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proclamation ordering the celebration of the great festival of the declaration of Peruvian Independence to be deferred from the 25th of July, to the 6th of August, the anniversary of the battle of Jairu. On the evening of the 25th July, he went to the theatre with his usual state, but left it early and suddenly; double guards were posted at the doors, and a number of officers apprehended as they went out. Next day it was alleged that a conspiracy had been discovered, the object of which was, to seize Bolivar in his box, and either put him to death, or to imprison him. Numerous arrests continued to be made during the whole of that day; an additional regiment of cavalry, and a battalion of artillery were brought into the city; and Bolivar, leaving his country seat in the neighbourhood, took up his residence in the palace closely surrounded by centinels. The principal parties arrested were military officers of high rank, and extensive influence, among whom were generals Nicochea, Alvarado, and Correa. The last of these attempted to commit suicide; some of the more turbulent of the inferior military were shot; and Bolivar's own admiral, Guise, was imprisoned as implicated in the conspiracy.

It was difficult to account for the stay of Bolivar at Lima, now that the spirit of disaffection in Colombia had spread even to Guayaquil, except on the supposition that he wished to perpetuate his power over Peru, and secure to himself a formal right of continually interfering in and controlling its affairs. His whole

conduct, now that the state of Colombia imperatively demanded his presence in the revolted provinces, confirmed the suspicion. Ever and anon he was on the point of departing, but generously sacrificed his own wishes to the prayers of Peru, which, in the shape of his own obsequious adherents, entreated him to remain, and to retain for their sakes, a power which he was sighing to laydown. On the 15thof August, the assembled negroes of Lima, humbly petitioned him to remain, to save the republic from anarchy and slavery; but their prayers were more successfully backed by the good reasons brought forth by a deputation of ladies, who actually proceeded to the palace, and succeeded in convincing the dictator of the impropriety of saving Colombia at the expense of quitting Peru. Bolivar was mollified and overcome; he declared himself unable to resist "the assembled beauty" of Lima; he consented to remain; set "the assembled beauty" a-dancing with his aide-de-camps, and the city bells a-ringing. This farce was followed next day by a more serious performance, to which it had only been introductory. The Electoral college of the department of Lima assembled, and, by an unanimous vote, elected Bolivar president for life. He accepted the boon, recommended to them the form of constitution which he had framed for Bolivia, discovered that his absence threatened Peru neither with anarchy nor despotism, and set out immediately for Colombia, leaving the government in the hands of the vice-president Santa Cruz. The failure of the Peruvian governnient to negociate a new loan in London in the beginning of the year, disabled them from paying the interest of their debt; and the public creditors were added to the multitude who had already found reason to repent of the trust which they had reposed in the energy and honesty of the new states. The executive, to raise revenue, had no other resource than taxation; the country was neither in a condition, nor in a temper, to submit to direct imposts; and therefore additional burthens were laid upon commerce. The duties levied on imports in the harbours of Peru were already enormous; a diminution of them had long been faithfully promised j the termination of the war, bringing with it, as it ought naturally to have done, a large reduction of expenditure, seemed to justify the hope that it would now be effected. But, by a decree of the government, issued in the beginning of June, all foreign goods imported, whether in foreign or national vessels, were subjected generally to an ad valorem duty of 30 per cent, and some of them, contained in a long list, to a similar duty of no less than 80 per cent, on the ground that their importation was injurious to the agriculture and industry of the state.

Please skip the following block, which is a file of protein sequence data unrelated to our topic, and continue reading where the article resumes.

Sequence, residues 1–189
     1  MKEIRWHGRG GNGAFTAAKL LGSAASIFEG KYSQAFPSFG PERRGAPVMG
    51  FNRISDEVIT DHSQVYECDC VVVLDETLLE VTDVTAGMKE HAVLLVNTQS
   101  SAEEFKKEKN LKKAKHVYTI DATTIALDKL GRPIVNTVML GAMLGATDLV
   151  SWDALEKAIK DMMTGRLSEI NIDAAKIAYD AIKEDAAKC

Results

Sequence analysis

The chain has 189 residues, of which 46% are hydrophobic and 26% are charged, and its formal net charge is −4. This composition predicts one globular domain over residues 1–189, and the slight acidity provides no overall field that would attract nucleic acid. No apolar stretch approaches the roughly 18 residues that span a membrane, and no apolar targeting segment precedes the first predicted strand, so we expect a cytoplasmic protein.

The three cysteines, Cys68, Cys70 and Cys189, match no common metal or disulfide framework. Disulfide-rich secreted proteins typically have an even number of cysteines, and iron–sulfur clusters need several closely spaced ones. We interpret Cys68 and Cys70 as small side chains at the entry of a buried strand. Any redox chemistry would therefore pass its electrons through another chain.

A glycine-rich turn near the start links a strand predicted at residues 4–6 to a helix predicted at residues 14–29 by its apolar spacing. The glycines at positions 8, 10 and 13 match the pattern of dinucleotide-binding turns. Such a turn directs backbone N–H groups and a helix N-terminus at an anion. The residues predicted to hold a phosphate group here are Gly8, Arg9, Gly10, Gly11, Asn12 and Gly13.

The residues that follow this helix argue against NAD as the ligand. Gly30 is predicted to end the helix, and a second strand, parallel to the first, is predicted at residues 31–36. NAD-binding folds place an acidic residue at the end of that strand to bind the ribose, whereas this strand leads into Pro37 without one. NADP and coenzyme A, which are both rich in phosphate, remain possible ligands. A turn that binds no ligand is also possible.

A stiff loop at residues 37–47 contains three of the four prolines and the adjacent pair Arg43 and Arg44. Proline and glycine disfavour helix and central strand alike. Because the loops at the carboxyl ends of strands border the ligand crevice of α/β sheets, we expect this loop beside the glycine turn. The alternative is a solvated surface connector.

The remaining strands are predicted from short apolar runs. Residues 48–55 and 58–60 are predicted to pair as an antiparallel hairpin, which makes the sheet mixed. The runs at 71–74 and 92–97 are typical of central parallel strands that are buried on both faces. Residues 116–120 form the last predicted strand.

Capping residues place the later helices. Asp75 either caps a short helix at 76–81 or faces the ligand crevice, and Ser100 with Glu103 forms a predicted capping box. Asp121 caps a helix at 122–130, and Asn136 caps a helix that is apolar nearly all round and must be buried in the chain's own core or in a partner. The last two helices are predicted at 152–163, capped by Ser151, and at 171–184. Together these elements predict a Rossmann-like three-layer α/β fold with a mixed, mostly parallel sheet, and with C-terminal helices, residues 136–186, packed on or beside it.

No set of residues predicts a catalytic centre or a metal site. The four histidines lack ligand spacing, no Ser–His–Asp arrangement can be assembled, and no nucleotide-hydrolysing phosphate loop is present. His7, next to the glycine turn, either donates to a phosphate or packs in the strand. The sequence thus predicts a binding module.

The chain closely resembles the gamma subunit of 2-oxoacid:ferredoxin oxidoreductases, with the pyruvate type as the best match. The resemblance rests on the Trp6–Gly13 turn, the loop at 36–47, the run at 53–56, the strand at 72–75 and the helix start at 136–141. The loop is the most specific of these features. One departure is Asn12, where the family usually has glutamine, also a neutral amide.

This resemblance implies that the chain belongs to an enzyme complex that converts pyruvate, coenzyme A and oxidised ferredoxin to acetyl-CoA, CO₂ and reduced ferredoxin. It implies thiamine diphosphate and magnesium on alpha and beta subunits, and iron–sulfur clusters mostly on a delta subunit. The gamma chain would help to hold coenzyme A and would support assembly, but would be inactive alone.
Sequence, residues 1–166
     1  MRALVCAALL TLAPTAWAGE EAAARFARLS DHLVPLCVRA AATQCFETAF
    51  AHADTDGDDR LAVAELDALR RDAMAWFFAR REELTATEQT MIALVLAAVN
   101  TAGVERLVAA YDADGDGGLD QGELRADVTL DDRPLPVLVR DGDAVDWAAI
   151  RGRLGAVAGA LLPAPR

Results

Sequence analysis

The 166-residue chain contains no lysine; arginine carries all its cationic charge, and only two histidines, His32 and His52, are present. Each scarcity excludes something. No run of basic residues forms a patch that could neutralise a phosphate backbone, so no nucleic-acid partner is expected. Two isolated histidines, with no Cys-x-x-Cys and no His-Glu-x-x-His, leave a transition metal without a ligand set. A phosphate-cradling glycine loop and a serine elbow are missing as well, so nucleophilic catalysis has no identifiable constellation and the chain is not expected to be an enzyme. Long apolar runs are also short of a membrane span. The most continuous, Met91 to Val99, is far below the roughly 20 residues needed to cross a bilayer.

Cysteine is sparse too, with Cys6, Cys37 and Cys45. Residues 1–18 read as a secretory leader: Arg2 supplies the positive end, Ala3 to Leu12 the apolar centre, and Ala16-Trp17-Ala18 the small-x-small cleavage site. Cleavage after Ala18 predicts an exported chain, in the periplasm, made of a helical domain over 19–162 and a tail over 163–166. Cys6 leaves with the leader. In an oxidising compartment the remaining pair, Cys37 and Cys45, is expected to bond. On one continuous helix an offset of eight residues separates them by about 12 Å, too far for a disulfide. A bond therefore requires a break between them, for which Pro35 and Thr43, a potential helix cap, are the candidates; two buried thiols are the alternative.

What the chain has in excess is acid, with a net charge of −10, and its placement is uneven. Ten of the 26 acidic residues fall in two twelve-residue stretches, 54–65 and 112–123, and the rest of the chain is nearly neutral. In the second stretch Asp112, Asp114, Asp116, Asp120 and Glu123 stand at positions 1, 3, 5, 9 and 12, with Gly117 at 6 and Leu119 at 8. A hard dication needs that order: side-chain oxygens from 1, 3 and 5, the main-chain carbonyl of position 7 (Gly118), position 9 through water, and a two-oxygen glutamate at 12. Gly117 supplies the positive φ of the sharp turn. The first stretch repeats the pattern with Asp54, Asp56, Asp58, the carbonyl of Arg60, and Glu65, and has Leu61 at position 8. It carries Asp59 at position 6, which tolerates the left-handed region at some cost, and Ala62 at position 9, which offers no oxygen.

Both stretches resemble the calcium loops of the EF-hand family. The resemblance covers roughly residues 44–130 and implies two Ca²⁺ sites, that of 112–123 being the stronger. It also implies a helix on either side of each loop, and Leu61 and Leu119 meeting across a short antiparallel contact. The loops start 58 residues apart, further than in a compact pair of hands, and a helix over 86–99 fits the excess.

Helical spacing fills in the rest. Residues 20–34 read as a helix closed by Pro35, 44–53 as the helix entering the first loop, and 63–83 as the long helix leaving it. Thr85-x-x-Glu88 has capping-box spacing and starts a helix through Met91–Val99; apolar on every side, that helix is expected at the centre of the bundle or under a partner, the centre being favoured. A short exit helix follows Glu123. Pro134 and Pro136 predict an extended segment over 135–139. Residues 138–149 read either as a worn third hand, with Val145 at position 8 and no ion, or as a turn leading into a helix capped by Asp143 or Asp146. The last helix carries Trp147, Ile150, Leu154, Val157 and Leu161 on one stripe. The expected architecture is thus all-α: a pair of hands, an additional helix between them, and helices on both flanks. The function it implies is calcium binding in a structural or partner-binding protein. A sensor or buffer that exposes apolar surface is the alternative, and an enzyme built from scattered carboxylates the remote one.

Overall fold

Before his departure, Bolivar gave a constitution to La Paz, Santa Cruz, Potosi, and the other provinces of Upper Peru, which had been formed into an independent confederation under his own auspices, and, in gratitude to its creator, had taken the name of Bolivia. Three public bodies were fixed by this constitution instead of two, because thus, said

Bolivar, very profoundly in the speech with which he presented it, you will avoid the difficulties which arise, where there are only two without a third body to form a majority. The Chamber of Tribunes was to have the exclusive right of proposing all laws re.garding war, peace, and finance; the second chamber, the Senate, was to watch over the administration of justice and public worship, choose the prefects and judges, and propose the members of the high ecclesiastical courts. The third and highest chamber, the Chamber of Censors; was to " exercise a moral and political authority, having some resemblance to that of the Areopagus of Athens, and the Censors of Rome; the censors were to be, as it were, the fiscals of the nation against the government, to watch over the religious observance of the constitution and public treaties." The elective franchise, though to be exercised indirectly, was to be distributed according to the most approved modes of liberality: "nothing is required but capacity; even property is not necessary to the exercise of the august functions of sovereignty; the elector requires only to be able to sign his name to his vote, and read the laws, and to be honestly employed." A president was put at the head of all these bodies; he was to hold his office for life; and, amid the absurdities of this mass of crude conceptions, none was more ridiculous than the anxiety which Bolivar manifested to deprive this executive magistrate of all power, and the pride with which he boasted to the Bolivians of having so contrived it, that the president would be able totfo-riStlfo*.'''*<He.feidi*prrrtd,"' sai^'kie,"'" bf ail • influence; he appoints neither the magistracy, nor the judges; he does not nominate to ecclesiastical -offices.' 'This deprivation of power has never yet taken place in any well-constituted government; it puts obstacle after obstacle in the way of the authority of the chief, who will always find the whole people under the influence of those who fill the most important situations, and exercise the most important functions. Such were the things that were adopted as constitutions in the New World. The Bolivians, out of respect to their founder and legislator, elected one of his officers, general Sucre, to the presidency. There can be little doubt that, in all this, Bolivar had an eye to the establishment of that presidency for life over Peru in his own person, which he very speedily effected.